CARBON COUNTY – Wyoming students will not be required to make up lost time through April 3 due to widespread closures resulting from the spread of the COVID-19 virus, according to the Wyoming Department of Education.
Schools in both Carbon County School District 1 and Carbon County School District 2 have been closed since March 16. Because of spring break, which was planned for the unexpected closure period, students will miss around a dozen school days in each district. Gov. Mark Gordon initially recommended all schools close on March 15, but left the decision to close up to local districts.
On March 19, however, the governor issued an order that mandated all schools close, along with bars, restaurants, theaters, gymnasiums and some child care facilities.
“It is an absolute fact that social distancing slows the growth of coronavirus disease,” Gordon said. “I very much appreciate the willingness of our state’s residents to comply with this action. Particularly because it is now becoming clear that young adults 18-50 are also at risk of being hospitalized from COVID-19.”
The closure order remains in effect until April 3.
“It remains to be determined what the situation will be after April 3,” Michelle Panos, communications director with the Wyoming Department of Education said Tuesday. “We anticipate the governor, state superintendent, and state health officer providing guidance next week for post-April 3.”
On March 20, the U.S. Department of Education granted Wyoming a waiver from some federal assessment and accountability requirements in light of the widespread school closures. As a result, Wyoming students will not take the statewide WY-TOPP assessment this spring and no formal accountability determinations will be made for the 2019-20 school year.
“CCSD#2 is working to develop online learning… for full implementation on April 3rd if necessary,” Superintendent Jim Copeland said in an email message to the district Monday, adding that there are online learning resources listed on the district’s website.
“Please use these online options while we are working on an educational framework that we plan to roll out sometime next week – which will be used if school closures are extended,” he said. “Rest assured that we are working to provide as much as we can – as soon as possible — that continues the educational program for our students. For those who do not have internet, we are working on options for those households as well.”
The WDE will continue to work to offer ACT testing opportunities for high school students, who often need the test for college admissions. Schools will not be required to test all grade 11 students this spring, but are encouraged to offer ACT testing options if possible. The state testing dates in March have been canceled. At this time, the WDE is recommending changing ACT assessment dates using the third option – April 21 – and administering the on-line version.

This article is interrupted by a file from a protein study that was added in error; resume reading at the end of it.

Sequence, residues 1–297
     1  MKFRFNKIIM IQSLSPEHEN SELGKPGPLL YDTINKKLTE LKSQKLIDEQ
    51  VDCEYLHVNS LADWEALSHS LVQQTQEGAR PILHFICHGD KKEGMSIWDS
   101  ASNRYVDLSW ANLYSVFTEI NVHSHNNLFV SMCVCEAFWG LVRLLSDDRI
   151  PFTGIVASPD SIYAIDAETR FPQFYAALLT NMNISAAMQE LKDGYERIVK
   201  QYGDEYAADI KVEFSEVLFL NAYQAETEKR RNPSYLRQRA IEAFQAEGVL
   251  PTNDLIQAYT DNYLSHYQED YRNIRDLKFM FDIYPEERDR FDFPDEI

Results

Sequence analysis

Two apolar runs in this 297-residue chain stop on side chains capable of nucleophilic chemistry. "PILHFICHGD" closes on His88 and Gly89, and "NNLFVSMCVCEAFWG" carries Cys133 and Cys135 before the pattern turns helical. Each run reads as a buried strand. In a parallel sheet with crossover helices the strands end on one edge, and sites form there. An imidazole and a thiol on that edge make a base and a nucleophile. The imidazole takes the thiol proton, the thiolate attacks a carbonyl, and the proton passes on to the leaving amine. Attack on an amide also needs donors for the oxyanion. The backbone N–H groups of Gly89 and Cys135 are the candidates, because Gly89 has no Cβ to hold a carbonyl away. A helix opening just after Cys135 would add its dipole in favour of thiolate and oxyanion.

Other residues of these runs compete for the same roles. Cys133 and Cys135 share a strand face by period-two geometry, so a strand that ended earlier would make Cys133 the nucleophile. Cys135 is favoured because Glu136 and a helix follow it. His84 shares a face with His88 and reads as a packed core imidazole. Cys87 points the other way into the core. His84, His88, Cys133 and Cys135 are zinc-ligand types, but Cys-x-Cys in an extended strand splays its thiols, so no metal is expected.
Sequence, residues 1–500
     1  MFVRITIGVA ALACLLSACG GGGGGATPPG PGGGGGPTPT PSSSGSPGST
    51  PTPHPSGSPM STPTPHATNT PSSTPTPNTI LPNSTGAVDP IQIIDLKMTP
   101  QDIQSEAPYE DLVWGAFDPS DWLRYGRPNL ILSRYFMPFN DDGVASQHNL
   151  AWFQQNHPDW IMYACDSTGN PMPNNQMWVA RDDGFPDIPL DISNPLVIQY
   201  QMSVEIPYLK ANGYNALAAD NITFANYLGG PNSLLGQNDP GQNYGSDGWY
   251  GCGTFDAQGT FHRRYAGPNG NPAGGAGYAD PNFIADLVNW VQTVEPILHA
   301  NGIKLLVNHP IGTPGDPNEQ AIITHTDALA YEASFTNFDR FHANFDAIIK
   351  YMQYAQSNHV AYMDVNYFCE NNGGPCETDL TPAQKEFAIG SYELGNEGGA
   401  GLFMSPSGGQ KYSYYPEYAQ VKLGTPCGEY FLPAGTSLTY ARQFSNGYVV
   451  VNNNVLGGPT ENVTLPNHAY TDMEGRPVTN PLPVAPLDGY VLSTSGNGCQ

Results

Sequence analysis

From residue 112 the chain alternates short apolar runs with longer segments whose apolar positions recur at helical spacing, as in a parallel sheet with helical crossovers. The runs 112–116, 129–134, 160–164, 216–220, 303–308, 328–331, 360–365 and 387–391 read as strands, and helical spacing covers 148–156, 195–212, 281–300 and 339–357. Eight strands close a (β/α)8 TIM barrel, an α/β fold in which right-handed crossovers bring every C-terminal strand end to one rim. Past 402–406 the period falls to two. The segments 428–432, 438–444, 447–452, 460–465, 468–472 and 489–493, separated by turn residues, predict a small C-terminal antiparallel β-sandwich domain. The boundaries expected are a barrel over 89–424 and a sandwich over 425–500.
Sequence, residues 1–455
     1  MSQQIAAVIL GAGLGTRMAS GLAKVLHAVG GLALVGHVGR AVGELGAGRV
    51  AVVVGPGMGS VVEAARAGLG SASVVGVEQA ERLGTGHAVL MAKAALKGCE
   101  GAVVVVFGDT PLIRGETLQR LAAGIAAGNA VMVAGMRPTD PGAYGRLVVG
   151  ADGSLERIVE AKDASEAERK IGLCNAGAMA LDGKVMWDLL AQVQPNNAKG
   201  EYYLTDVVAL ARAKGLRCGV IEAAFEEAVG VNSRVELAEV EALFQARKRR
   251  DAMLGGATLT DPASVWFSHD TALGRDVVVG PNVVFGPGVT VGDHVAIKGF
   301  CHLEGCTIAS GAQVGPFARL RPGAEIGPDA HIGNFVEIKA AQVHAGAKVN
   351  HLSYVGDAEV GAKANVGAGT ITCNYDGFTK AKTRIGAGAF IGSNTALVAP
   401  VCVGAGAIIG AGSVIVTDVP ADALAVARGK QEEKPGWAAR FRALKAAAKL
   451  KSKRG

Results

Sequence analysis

“By removing this testing burden from schools, districts will be better able to continue to focus on their students’ immediate needs during this unprecedented time,” said State Superintendent of Public Instruction Jillian Balow.
State officials and superintendents from across the state have been coming together for online Zoo, meetings several times a week, offering continued guidance to local educators.
“The Zoom calls with superintendents are to discuss many aspects of district operations during the closure such as testing, instruction, transportation, special education, data reporting and meal service,” Panos said.
The WDE is regularly issuing updates to superintendents that recap the guidance discussed on the ZOOM meetings, Panos said, which are available to the public on the WDE COVID-19 Resources page under “WDE Updates.”
The governor has also formed a COVID-19 “Education Task Force” that includes Balow, Wyoming Department of Education Chief of Staff Dicky Shanor, University of Wyoming Interim President Neil Theobald, Community College Commission Director Dr. Sandra Caldwell, Department of Family Services Director Korin Schmidt and the governor’s education policy advisor Lachelle Brant.
The task force has been asked to create a smooth transition for students and parents from pre-K to college age, and to communicate relevant, meaningful resources about child care, educational options and post-secondary education in a centralized, online location. The first meeting was held last week, and this week, the task force will discuss the formation of ad hoc groups of superintendents to assist with various topics.